Ceramics in Mainland Southeast Asia:
Collections in the Freer Gallery of Art and Arthur M. Sackler Gallery

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Jar with paddle-impressed design

  • Stoneware with thin iron glaze
  • 44.2 x 36.3 cm
  • Cizao-related ware
  • 18th-19th century, Qing dynasty
  • Origin: possibly Cizao kilns, Guangdong province, or Fujian province, China
  • Provenance: Vietnam
  • Gift of Osborne and Gratia Hauge, and Victor and Takako Hauge
  • S2005.62


Jar of ovoid form with angular shoulder, short neck, rolled lip and recessed base.
Clay: rosy red stoneware with white specks.
Glaze: brown, low gloss; base unglazed.
Decoration: paddled with a band of short horizontal lines on the shoulder, slanting lines on the body.

Curatorial Remarks

1. (Louise Cort, 30 July 2002) Large Chinese (?) jar.

2. (Candy Chan, May 7, 2003) Jars of this type are in the collection of the National Museum Jakarta (formerly Museum Pusat). They are classified as Chinese jars made in the 18th century (Adhyatman and Ridho 1984, 131, pls. 88–89).

Adhyatman, Sumarah, and Abu Ridho. 1984. Tempayan di Indonesia (Martavans in Indonesia). rev. 2nd ed. Jakarta: Himpunan Keramik Indonesia (The Ceramic Society of Indonesia).

3. (Louise Cort, 1 December 2004) Brown-glazed jars of related form, with rolled rim, short neck, and gently angled high shoulder, and with four horizontal lugs on the shoulder, were recovered from the wreck of the Tek Sing, a Chinese junk that sailed from the harbor of Amoy (Xiamen) in Fujian province in 1822, destined for Batavia (Jakarta). (Nagel Auctions 2000, TS 342, h. 38.5 cm; d. 34.8 cm, and TS 345, h. 39 cm). Sixteen hundred passengers were on board. The cargo included blue-and-white porcelain, celadon, and Dehua white ware ("blanc de chine"), as well as teas, silk, lacquer objects, bamboo furniture, paper, glass beads, mother-of-pearl, tortoiseshell, incense and medicinal materials (ibid., 13). The ship sank in the Gaspar Straits. The cargo was recovered in 1999 and sold at auction in Stuttgart. The two jars were likely contemporary products of local kilns in Fujian or Guangdong province.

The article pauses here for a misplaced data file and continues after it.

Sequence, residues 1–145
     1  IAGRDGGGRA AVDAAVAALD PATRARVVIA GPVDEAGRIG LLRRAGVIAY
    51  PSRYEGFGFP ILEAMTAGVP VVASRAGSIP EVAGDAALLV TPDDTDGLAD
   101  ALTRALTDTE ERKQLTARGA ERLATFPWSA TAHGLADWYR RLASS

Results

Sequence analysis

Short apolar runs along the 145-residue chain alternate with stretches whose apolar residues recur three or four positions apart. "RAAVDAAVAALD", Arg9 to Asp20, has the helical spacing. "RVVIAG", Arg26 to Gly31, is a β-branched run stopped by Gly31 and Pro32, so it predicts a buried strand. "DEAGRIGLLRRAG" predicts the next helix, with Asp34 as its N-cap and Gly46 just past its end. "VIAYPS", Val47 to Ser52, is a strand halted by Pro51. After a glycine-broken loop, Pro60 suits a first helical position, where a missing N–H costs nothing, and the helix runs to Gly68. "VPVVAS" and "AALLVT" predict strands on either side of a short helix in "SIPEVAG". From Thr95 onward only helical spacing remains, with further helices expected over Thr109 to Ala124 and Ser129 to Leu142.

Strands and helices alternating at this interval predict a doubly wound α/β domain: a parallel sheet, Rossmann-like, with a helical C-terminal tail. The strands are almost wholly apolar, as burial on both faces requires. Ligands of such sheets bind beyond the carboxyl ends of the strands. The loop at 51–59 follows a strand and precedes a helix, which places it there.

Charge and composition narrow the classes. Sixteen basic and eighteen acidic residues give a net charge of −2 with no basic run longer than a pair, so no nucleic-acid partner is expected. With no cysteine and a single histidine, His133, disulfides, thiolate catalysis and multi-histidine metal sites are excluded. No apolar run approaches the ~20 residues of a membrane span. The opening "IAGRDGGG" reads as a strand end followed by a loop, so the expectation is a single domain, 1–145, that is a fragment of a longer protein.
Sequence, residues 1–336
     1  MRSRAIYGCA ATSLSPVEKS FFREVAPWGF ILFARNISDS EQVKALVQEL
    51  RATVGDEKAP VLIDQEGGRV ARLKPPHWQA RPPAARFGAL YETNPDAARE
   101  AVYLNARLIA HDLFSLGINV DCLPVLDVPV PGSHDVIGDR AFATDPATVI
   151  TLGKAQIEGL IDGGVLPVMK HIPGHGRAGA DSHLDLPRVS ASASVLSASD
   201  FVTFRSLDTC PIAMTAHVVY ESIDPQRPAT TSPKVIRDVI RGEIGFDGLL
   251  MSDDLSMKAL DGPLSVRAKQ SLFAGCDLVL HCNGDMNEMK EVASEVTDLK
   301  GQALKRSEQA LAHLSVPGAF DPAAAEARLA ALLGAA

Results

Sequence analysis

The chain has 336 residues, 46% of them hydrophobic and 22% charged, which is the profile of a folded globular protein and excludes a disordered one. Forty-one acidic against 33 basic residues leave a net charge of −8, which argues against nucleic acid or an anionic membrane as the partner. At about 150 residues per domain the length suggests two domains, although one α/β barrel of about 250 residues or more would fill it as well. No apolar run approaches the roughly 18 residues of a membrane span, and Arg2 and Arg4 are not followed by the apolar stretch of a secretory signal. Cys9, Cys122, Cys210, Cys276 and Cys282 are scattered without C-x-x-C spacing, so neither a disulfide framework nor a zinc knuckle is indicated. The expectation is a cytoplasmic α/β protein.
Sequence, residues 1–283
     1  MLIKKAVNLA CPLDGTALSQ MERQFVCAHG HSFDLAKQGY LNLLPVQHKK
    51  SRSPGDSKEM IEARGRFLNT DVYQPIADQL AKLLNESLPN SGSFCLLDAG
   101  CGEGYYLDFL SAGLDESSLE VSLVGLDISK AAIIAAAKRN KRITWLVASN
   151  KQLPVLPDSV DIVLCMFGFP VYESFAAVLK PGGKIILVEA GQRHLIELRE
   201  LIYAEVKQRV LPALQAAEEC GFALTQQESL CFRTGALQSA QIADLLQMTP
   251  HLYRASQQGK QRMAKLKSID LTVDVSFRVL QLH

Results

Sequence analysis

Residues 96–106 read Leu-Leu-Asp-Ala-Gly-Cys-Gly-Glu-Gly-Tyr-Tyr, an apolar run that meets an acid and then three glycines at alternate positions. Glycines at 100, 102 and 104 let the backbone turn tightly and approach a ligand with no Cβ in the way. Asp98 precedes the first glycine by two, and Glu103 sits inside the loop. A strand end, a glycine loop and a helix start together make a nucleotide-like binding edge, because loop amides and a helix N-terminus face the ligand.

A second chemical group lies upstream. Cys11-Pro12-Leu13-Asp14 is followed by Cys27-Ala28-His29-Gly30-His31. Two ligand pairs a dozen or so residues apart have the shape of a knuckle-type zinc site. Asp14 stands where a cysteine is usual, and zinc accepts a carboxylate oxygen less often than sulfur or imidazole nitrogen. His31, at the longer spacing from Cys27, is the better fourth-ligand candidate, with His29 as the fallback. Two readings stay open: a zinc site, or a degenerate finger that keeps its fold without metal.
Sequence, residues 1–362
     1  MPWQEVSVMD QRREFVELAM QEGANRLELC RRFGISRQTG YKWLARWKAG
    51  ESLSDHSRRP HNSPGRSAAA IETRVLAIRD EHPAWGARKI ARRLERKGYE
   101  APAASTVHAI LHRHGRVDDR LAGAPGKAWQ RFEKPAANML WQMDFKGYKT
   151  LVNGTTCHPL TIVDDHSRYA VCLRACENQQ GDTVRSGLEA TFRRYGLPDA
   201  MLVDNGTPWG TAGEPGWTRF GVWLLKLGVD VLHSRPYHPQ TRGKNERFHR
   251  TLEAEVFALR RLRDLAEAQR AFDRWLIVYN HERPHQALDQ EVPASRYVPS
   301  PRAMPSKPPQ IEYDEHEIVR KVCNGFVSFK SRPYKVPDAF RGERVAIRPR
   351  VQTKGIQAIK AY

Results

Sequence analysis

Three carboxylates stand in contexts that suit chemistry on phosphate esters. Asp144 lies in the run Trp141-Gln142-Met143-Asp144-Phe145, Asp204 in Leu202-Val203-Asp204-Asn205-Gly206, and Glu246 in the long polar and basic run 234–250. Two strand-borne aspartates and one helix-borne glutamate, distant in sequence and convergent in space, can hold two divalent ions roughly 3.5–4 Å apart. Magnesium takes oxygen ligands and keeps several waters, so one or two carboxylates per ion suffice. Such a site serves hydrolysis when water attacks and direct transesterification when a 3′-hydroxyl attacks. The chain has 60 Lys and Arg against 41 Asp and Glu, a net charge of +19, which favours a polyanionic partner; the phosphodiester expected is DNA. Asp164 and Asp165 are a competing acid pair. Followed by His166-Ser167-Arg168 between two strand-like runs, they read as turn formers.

Nagel Auctions. 2000. Tek Sing Treasures. Stuttgart: Nagel Auctions.

4. (Louise Cort, 28 January 2005) Marie-France Dupoizat (Dupoizat 1988, 425–26) groups this jar (her H6) among Indochinese jars of unknown origin. "They come without possible doubt from kilns in Indochina in the large sense, probably from kilns of the earliest Indianised states. Their style suggests a very early date of fabrication." (Dupoizat 1988, 420). She weighed this jar at 14.5 kg.

She did not document a place of purchase, and the Hauges did not mention one to me, but Saigon may be likely. The photograph of this jar is included in Victor Hauge's album of Vietnamese ceramics.

Dupoizat, Marie-France. 1988. "Recherches sur les Jarres en Asie du Sud-Est". Ph.D. Thesis, L'École des Hautes Études en Sciences Sociales, Paris.

5. (Louise Cort, 20 June 2005) On 6 May 2004, the Chinese house known as Yinyutang at the Peabody Essex Museum in Salem, Massachusetts, displayed a jar of this type in one room on the second floor. The jar was resting on the floor and covered with a cloth lid. According to curator Nancy Berliner, the pots displayed in the house were acquired with the house, which was formerly located in Qing country, southern Anhui province. Nancy assumed that most of the pots were made at local potteries.

6. (Louise Cort, 12 October 2005) Archaeologist and ceramics specialist Morimoto Asako, Fukuoka, noted a similarity of the clay body (bearing lots of white stones) and other aspects of this jar to S2005.53, and suggested that this could also be from the Cizao kilns in Fujian province.

7. (Louise Cort, 18 October 2006) Ms. Morimoto observed a resemblance between S2005.62 and S2005.54. The former jar bears anvil-impressed patterns of concentric circles on the interior overlaid with paddle-impressed parallel lines. The latter jar also bears paddle-impressed concentric circles. No paddle-impressed concentric circles are found on wares of related jars excavated from Hakata sites; the upper limit for Hakata is 1500, so these jars must be later in date. In the present day, however, jars of this type from the Cizao kilns bear only concentric circles. Could these two jars be almost the same age? S2005.53 (bearing runny brown slip) is also part of the same family.

In her final assessment of vessels in the Hauge collection, Ms. Morimoto grouped S2005.52 and 53 as Cizao-related wares, with S2005.54 and 62 more tentatively related.

8. (Louise Cort, 14 July 2006) According to Dr. Luu Hung and Mrs. Nguyen Thi Hong Mai, Vietnam Museum of Ethnology, Hanoi, the Chinese attribution seemed OK. There are no jars of this type in the VME collection. Mrs. Mai felt the concave base would be strong.

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